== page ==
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deep as possible into the question of Nature's economy in continuing, diversifying, and giving stability to the course of life upon our globe.

An Alphabet in Finance. A Simple Statement of Permanent Principles and their Application to Questions of the Day. By Graham McAdam. New York: G. P. Putnam's Sons. Pp. 210. Price, $1.25.

"This little book," we are told in the preface, "was written as a political duty;" and it would be a blessing to long-suffering listeners and readers if every one who feels a "call" to preach or to write was as well fitted for the task he undertakes as Mr. McAdam. He has succeeded in treating the elementary principles of finance briefly and at the same time clearly, simply, and effectively; and his discussion of the commoner fallacies and often-repeated stock arguments of the inflationists is so good, that it is to be hoped the book will find a circulation among them. The chapters on "Money a Creation of Government," "Pure Credit Money," "What is a Specie Basis?" "Banking"—all brief—are models of statement in their way. Although the author apparently accepts Mr. Jevons's views as to the word value, the somewhat ambiguous way in which he uses that term makes the chapter on "The Qualities of Gold for Money" slightly obscure, which is to be regretted, for much of the success of inflation arguments is rooted in the hazy notions concerning what is called the value of gold. We would call the author's attention to the statement on page 130, that "$4,444 still remains by custom the nominal par" (of exchange), the fact being that the nominal and real par have been in agreement, at $4,866, both by usage and United States statute for two years or more.

Report of the Geological Survey of Indiana, 1875. By E. T. Cox, State Geologist. Pp. 599. With Maps and Plates.

During the year 1875 the general work of the survey of Indiana was carried on in nine counties: Vigo, Huntington, Jennings, Ripley, Orange, Vanderburgh, Owen, Montgomery, and the southeastern part of Clay. A special reconnaissance was made of the coal-measure rocks of Putnam County; also a special hydrographic survey of some of the lakes in the northern portion of the State. Besides the results of these researches, the report contains observations on fossil marine plants from the coal-measures, by Mr. L. Lesquereux, and a catalogue of the Wabash Valley flora, by Dr. J. Schenck.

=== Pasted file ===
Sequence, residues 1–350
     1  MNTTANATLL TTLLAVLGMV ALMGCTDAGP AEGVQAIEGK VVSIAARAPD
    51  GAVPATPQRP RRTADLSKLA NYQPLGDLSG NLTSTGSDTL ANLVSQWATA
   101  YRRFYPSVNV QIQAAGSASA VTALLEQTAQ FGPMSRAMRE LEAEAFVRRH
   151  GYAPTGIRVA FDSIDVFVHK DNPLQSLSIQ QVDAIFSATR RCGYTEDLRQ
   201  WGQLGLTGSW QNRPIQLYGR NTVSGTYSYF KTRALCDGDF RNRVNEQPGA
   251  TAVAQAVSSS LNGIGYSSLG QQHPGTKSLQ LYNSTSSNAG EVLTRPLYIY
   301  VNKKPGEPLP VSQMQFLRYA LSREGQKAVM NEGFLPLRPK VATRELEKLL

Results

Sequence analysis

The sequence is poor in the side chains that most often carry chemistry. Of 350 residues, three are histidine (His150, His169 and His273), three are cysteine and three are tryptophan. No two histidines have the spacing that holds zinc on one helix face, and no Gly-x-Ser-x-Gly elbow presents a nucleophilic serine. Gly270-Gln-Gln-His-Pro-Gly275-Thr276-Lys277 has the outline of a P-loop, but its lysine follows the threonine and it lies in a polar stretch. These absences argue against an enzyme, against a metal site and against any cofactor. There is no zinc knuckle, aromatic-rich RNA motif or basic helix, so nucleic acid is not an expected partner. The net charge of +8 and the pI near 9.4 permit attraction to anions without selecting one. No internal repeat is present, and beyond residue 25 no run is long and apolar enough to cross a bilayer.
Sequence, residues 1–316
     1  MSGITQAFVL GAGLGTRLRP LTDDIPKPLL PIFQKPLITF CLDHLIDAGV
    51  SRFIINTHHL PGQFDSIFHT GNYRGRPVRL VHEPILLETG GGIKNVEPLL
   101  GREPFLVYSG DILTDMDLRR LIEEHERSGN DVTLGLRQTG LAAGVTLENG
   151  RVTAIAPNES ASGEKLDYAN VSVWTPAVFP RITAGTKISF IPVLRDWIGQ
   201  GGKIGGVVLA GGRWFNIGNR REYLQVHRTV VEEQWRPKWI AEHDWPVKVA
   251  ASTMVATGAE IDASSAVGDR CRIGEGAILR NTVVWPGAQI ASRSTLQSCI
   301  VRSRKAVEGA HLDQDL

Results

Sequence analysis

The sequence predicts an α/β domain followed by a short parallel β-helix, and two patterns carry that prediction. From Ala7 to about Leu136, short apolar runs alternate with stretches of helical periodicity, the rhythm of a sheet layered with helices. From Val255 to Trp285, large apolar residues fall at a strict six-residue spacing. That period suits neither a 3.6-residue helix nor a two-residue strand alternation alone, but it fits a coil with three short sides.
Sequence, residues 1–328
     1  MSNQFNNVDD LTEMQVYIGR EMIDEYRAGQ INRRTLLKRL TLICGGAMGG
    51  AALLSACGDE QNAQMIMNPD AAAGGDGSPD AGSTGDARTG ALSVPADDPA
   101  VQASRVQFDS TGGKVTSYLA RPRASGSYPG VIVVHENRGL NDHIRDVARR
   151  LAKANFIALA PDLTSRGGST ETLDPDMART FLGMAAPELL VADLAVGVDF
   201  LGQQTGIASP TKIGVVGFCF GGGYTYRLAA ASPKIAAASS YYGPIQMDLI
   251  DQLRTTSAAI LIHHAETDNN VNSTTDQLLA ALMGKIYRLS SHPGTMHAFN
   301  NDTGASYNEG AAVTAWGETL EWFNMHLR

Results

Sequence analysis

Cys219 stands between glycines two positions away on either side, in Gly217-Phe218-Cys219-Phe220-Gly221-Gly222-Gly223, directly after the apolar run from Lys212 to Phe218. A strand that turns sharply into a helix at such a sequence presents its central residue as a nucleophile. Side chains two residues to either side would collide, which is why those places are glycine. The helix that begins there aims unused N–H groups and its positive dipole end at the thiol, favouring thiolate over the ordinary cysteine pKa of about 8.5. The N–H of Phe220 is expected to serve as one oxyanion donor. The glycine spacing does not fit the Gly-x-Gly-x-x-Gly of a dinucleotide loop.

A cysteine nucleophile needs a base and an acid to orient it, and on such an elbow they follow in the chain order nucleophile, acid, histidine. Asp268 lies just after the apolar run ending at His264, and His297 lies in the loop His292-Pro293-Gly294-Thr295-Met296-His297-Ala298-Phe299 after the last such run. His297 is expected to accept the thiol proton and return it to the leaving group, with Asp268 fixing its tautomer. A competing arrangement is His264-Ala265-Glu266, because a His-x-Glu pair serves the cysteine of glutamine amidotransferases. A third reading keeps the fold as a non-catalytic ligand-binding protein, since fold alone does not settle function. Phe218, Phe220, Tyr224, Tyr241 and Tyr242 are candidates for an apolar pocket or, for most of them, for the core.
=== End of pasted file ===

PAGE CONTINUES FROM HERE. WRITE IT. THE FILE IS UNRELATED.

Ivanhoe. By Sir Walter Scott. Also Our Mutual Friend. By Charles Dickens. New York: Holt & Co. Pp. 350. Price, $1.

These little volumes belong to the "Condensed Classics" series. The text is absolutely identical with the original works, except that much of the less essential matter of the latter has been omitted. If any one thinks an acquaintance with all the leading writers of his language to be necessary, he must resort to condensations like this. Life is not long enough to enable a man to read our entire "polite literature" through.

Annual Reports of the Zoölogical Society of Cincinnati, for the years 1874-'75-'76. Cincinnati: printed for the Society.

It is to be regretted that an enterprise containing so much spirit should not as yet have proved a pecuniary success. The following is interesting: "In Europe there are now [1874] in operation, or in process of construction, more than eighty zoölogical gardens, and, almost without exception, they are profitable, and in some cases largely so. The experience in Philadelphia is encouraging, while that of the garden in San Francisco is. . . . marvelous." Strange that the last report contains no list or statement of the animals!

David and Anna Matson. By Abigail Scott Duniway. Pp. 194. With Illustrations. New York: S. R. Wells & Co. Price, $2.

Inasmuch as it does not lie within our province to estimate the value of works of the imagination, we will only say of this volume that its theme is the "tender passion," in one of its many phases; that the verses are smooth and musical enough, and that the mechanical make-up of the book is admirable as regards print, paper, and binding.